Cyber-Dating Out… “Sexting” In
February 11, 2009 | National News
STAFFORD, Va. — Courting lovers by sending candy and flowers is passé. Teens now have found a new way to lure the object of their affection: “sexting”. Sexting is the sending of nude photos of oneself to a boyfriend, girlfriend, crush or casual acquaintance from cellular phones, with or without a sexually explicit message.
According to a study published last month, 20 percent of 13 – 19 year olds admitted to having transmitted explicit images of themselves over the phone or e-mail. Additionally, 48 percent said that they have received sexually suggestive e-mails or text messages. Over half the girls who “sexted” stated that it was due to pressure from boyfriends, revealed a survey by the National Campaign to Prevent Teen and Unplanned Pregnancy.
“Trust me, a lot of couples do it. It’s just like another form of sex,” the New York Post quoted a 15-year-old high school sophomore from New Jersey as saying. The girl confessed to having sent 40 naked pictures of herself to her ex-boyfriend in a failed attempt to win him back.
Even social networking websites have not been left untouched by this trend. Facebook and MySpace boasts groups with names like “I’ve Sent Naked Pictures of Myself Over the Phone”, “People Who Take Naked Pictures of Themselves with Their Phones,” and “Practicing Safe Sexting”.
In fact, teens who indulge in sexting are least bothered by the maligning of their reputations.
Recently six Pennsylvania students landed in jail after nude pictures that had circulated around their school were confiscated from a male student’s phone.
This type of activity is occurring in Stafford County. The Stafford County Sheriff’s Office investigated 14 cases during the 2007 – 2008 school year. From September through December, 2008 of the 2008 – 2009 school year, 8 cases were investigated. There have been additional cases initiated since the winter vacation ended.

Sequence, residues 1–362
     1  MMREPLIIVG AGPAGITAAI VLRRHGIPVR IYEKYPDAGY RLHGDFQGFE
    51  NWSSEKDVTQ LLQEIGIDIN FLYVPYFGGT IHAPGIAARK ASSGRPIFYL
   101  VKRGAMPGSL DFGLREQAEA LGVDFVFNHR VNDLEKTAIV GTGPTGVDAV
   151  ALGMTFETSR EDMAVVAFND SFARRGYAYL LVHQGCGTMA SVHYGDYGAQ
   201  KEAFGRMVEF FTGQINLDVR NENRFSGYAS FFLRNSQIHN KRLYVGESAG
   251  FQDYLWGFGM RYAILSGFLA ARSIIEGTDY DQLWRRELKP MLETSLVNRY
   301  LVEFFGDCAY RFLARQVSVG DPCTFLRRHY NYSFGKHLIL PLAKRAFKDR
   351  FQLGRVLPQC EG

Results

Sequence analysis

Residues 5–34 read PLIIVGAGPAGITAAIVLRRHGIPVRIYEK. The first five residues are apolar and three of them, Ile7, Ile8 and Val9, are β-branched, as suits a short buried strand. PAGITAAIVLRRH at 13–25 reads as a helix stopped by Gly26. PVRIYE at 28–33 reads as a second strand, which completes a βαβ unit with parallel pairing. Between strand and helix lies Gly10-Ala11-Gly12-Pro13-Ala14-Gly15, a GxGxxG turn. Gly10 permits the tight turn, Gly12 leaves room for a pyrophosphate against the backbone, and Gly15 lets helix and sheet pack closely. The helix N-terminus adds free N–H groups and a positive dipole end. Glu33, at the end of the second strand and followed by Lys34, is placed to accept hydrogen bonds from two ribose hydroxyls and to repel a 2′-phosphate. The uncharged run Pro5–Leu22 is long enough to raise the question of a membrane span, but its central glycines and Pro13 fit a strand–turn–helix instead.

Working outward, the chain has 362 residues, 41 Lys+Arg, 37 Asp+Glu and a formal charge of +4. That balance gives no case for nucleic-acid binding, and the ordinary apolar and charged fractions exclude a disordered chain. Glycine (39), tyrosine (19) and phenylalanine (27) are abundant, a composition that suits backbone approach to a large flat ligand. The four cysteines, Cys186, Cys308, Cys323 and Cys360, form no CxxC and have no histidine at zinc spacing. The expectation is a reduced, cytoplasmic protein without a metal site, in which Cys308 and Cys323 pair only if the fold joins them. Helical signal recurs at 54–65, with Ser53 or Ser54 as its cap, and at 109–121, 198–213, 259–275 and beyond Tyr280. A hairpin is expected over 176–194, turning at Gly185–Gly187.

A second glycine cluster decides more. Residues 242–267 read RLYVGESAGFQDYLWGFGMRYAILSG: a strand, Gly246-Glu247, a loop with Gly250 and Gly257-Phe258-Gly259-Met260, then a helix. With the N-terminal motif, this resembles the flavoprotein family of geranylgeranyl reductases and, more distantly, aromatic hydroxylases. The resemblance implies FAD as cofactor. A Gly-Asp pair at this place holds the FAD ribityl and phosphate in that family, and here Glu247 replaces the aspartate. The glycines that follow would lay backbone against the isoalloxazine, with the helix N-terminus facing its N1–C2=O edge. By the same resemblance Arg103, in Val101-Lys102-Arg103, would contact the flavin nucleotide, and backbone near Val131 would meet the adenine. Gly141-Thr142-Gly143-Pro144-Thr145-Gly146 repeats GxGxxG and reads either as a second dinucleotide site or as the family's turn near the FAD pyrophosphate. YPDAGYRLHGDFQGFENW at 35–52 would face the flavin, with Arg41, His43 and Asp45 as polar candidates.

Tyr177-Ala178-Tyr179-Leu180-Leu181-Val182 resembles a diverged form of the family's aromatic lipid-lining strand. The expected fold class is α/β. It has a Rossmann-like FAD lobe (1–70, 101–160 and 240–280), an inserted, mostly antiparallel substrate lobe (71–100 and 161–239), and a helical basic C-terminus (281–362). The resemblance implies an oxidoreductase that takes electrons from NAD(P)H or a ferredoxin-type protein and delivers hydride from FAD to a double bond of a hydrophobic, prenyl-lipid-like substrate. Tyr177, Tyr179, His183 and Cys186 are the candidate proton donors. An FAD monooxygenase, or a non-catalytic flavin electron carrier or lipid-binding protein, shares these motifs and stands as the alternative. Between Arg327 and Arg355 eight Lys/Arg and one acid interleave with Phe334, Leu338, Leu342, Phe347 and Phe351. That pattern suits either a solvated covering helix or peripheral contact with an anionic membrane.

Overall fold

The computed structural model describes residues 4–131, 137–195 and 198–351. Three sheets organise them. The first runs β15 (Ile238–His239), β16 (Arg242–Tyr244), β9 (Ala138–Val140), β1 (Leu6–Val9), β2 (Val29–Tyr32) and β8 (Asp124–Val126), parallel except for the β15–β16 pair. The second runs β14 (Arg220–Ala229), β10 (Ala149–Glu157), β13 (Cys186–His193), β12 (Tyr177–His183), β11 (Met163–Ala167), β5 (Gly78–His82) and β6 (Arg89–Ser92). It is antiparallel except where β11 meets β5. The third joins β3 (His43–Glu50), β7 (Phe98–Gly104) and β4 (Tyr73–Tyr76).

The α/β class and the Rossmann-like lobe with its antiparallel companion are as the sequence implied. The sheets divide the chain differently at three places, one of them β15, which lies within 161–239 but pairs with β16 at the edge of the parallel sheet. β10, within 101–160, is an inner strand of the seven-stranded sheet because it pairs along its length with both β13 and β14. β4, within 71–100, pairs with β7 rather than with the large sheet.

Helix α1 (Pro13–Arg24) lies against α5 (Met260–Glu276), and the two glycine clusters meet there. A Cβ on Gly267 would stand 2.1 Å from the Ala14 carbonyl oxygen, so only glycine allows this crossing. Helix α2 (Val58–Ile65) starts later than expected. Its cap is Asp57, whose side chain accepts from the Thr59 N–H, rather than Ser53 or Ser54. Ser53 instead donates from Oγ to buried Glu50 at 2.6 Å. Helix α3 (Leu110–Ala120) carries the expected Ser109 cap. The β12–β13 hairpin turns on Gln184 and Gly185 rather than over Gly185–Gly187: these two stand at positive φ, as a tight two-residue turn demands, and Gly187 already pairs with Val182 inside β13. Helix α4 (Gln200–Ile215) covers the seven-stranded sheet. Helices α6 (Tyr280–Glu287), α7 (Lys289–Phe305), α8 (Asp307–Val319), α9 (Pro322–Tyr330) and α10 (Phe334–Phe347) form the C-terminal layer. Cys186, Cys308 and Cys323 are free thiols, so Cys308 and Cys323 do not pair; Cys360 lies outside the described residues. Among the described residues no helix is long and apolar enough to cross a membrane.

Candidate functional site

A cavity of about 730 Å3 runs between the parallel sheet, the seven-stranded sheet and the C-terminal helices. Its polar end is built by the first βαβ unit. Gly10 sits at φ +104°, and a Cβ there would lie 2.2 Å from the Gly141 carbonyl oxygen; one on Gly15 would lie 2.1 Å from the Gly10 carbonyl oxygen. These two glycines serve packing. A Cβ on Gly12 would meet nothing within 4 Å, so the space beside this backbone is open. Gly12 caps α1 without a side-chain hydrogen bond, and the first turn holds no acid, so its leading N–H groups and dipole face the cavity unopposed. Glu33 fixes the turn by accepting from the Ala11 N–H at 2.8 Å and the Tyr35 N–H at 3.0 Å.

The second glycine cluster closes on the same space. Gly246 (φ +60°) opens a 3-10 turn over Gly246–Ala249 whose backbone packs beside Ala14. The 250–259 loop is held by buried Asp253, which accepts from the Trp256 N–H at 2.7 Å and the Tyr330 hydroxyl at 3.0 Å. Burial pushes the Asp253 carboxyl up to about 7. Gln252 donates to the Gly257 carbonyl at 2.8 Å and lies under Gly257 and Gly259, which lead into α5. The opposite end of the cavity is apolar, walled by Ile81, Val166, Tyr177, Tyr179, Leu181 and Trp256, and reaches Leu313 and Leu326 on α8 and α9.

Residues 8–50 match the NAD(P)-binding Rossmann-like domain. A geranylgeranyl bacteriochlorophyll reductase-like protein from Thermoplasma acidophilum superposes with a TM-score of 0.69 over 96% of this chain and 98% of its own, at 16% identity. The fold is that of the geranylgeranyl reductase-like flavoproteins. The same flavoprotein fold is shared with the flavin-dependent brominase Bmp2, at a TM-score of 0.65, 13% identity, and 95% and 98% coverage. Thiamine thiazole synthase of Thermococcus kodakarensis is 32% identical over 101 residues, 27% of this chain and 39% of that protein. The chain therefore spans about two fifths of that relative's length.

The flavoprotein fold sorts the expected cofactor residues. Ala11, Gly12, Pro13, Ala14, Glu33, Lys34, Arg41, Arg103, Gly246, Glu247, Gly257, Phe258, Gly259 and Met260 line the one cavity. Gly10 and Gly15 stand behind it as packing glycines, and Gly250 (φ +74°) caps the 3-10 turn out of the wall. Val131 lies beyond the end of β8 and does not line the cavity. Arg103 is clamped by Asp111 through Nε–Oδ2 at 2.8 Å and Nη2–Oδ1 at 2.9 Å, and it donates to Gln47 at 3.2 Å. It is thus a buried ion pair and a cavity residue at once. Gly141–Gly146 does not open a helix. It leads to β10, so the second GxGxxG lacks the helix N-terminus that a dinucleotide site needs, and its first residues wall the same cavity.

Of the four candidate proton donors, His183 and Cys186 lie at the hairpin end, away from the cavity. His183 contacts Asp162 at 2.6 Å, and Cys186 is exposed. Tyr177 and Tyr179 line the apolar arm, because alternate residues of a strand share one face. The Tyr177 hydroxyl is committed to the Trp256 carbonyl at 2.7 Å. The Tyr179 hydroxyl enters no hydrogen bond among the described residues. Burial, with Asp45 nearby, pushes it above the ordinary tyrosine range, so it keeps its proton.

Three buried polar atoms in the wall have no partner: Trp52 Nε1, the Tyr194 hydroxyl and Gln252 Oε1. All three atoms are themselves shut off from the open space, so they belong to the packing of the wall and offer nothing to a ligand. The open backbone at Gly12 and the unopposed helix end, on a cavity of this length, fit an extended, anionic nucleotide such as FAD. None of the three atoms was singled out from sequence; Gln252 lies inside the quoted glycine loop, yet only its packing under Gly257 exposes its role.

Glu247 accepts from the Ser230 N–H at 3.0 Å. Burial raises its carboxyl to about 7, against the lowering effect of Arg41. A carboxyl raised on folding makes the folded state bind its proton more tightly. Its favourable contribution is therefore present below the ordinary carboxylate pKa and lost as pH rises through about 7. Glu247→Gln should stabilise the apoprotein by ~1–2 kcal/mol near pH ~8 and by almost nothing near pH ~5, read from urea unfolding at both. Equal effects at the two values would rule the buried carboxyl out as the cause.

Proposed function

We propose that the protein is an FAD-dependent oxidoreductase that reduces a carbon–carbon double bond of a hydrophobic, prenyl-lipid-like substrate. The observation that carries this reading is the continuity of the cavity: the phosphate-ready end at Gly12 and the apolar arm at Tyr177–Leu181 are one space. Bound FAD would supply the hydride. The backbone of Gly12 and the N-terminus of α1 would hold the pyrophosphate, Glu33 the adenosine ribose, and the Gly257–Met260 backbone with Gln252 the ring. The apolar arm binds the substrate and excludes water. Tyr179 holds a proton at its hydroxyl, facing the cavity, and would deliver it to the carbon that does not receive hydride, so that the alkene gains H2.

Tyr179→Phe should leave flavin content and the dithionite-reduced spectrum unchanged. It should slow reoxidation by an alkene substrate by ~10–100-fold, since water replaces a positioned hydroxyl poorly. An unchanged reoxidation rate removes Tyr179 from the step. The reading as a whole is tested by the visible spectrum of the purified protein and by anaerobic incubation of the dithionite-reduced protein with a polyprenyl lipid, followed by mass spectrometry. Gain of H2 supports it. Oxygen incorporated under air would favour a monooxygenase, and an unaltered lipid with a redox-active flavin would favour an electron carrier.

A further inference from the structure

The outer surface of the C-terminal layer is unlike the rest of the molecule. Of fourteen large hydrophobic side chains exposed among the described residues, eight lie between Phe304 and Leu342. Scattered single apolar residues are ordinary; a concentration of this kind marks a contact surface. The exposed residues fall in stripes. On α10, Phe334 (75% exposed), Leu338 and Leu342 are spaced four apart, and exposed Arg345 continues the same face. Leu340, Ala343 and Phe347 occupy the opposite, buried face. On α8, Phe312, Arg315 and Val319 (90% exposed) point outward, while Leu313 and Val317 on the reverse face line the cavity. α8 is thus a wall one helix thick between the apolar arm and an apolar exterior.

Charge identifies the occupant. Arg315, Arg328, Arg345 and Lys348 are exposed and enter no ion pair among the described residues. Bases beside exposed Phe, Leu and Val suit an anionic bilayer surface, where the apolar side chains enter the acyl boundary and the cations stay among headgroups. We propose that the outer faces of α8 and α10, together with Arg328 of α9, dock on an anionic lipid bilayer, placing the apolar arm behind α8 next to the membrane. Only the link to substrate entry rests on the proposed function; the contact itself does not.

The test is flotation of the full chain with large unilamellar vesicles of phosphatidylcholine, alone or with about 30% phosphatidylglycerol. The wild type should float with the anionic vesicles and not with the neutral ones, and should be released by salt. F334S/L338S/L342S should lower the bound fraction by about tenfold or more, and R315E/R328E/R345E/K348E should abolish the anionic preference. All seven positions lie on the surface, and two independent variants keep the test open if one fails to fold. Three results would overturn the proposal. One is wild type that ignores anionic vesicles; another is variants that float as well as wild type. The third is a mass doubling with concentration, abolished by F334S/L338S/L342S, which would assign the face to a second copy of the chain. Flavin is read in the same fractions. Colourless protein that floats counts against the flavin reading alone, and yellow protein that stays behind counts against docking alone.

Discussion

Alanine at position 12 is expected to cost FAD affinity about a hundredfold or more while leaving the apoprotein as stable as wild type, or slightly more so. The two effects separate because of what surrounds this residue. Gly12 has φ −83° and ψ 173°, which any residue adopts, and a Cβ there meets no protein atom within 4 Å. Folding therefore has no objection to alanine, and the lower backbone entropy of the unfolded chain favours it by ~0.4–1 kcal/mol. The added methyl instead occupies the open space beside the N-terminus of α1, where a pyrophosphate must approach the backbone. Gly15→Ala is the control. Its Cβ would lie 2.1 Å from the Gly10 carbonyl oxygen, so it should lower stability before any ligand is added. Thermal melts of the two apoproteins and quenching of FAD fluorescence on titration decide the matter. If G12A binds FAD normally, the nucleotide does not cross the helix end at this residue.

The Code of Virginia has specific laws prohibiting this activity. The taking of a sexually explicit pictures of a child is manufacturing child pornography. The transmission (sending of that picture electronically or otherwise) is distribution of child pornography. Possessing such pictures is possession of child pornography. The Code of Virginia, as it relates to these crimes, considers a child any person under the age of eighteen. These crimes are felonies, maximum punishments range from 5 years to twenty years in prison. Some of the crimes have a mandatory minimum sentence of five years that cannot be suspended or reduced.
The Stafford County Sheriff’s Office recommends that parents be aware of their children’s activities online and on their cellular telephones, and make them aware of the possible legal consequences of these activities. An additional factor is the potential impact that a felony conviction can have on a young persons’ future, including college and career plans.
Inquiries about this release may be directed to Detective Darryl Wells, Stafford County Sheriff’s Office, at 540-658-4450.
“Sexting” Shockingly Common Among Teens (CBS NEWS)
SURVEY: “Sex and Tech: Results from a Survey of Teens and Young Adults” (The National Campaign to Prevent Teen and Unplanned Pregnancy)